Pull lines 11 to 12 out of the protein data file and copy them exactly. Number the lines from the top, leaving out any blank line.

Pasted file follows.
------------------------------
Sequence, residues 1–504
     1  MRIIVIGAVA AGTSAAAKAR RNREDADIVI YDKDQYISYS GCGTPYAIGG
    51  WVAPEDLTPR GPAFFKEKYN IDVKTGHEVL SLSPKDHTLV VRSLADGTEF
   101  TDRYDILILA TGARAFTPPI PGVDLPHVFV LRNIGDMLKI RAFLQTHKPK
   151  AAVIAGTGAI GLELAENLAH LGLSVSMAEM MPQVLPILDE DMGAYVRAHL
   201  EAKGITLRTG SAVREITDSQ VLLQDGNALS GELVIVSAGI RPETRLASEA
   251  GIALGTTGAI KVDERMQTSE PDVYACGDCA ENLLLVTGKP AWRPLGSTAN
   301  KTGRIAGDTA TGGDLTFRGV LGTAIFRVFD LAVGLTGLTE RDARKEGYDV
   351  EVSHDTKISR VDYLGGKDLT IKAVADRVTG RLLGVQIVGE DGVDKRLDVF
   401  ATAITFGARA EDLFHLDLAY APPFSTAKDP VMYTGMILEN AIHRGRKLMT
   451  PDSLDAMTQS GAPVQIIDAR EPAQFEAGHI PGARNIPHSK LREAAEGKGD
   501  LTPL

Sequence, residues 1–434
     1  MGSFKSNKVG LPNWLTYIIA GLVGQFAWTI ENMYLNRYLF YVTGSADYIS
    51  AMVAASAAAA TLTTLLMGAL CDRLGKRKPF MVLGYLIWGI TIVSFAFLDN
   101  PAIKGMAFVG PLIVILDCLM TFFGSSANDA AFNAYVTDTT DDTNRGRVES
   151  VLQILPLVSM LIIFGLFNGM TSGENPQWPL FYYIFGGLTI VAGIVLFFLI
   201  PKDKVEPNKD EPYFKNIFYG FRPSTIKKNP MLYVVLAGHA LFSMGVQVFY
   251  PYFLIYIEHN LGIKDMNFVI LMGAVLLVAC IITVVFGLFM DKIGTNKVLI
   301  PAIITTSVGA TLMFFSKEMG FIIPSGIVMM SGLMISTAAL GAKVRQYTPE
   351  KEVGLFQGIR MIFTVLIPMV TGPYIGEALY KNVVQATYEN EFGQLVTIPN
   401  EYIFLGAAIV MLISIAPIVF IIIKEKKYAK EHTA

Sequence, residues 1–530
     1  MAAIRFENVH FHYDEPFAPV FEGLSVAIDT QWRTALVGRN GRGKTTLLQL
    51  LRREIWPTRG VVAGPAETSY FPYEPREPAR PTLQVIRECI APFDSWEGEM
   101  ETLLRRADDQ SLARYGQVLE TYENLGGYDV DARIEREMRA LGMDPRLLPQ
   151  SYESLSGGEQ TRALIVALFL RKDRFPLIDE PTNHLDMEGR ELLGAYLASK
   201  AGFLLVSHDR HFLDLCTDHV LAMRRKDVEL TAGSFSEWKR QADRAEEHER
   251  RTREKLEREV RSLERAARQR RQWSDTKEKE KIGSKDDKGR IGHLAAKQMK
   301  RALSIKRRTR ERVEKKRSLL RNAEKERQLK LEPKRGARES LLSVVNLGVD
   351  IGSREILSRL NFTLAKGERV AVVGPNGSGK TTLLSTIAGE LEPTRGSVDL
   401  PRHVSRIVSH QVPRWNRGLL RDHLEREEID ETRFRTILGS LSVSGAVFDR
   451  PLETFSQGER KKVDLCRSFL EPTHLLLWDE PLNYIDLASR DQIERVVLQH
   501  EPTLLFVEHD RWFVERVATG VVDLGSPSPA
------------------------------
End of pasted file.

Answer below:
   451  PDSLDAMTQS GAPVQIIDAR EPAQFEAGHI PGARNIPHSK LREAAEGKGD
   501  LTPL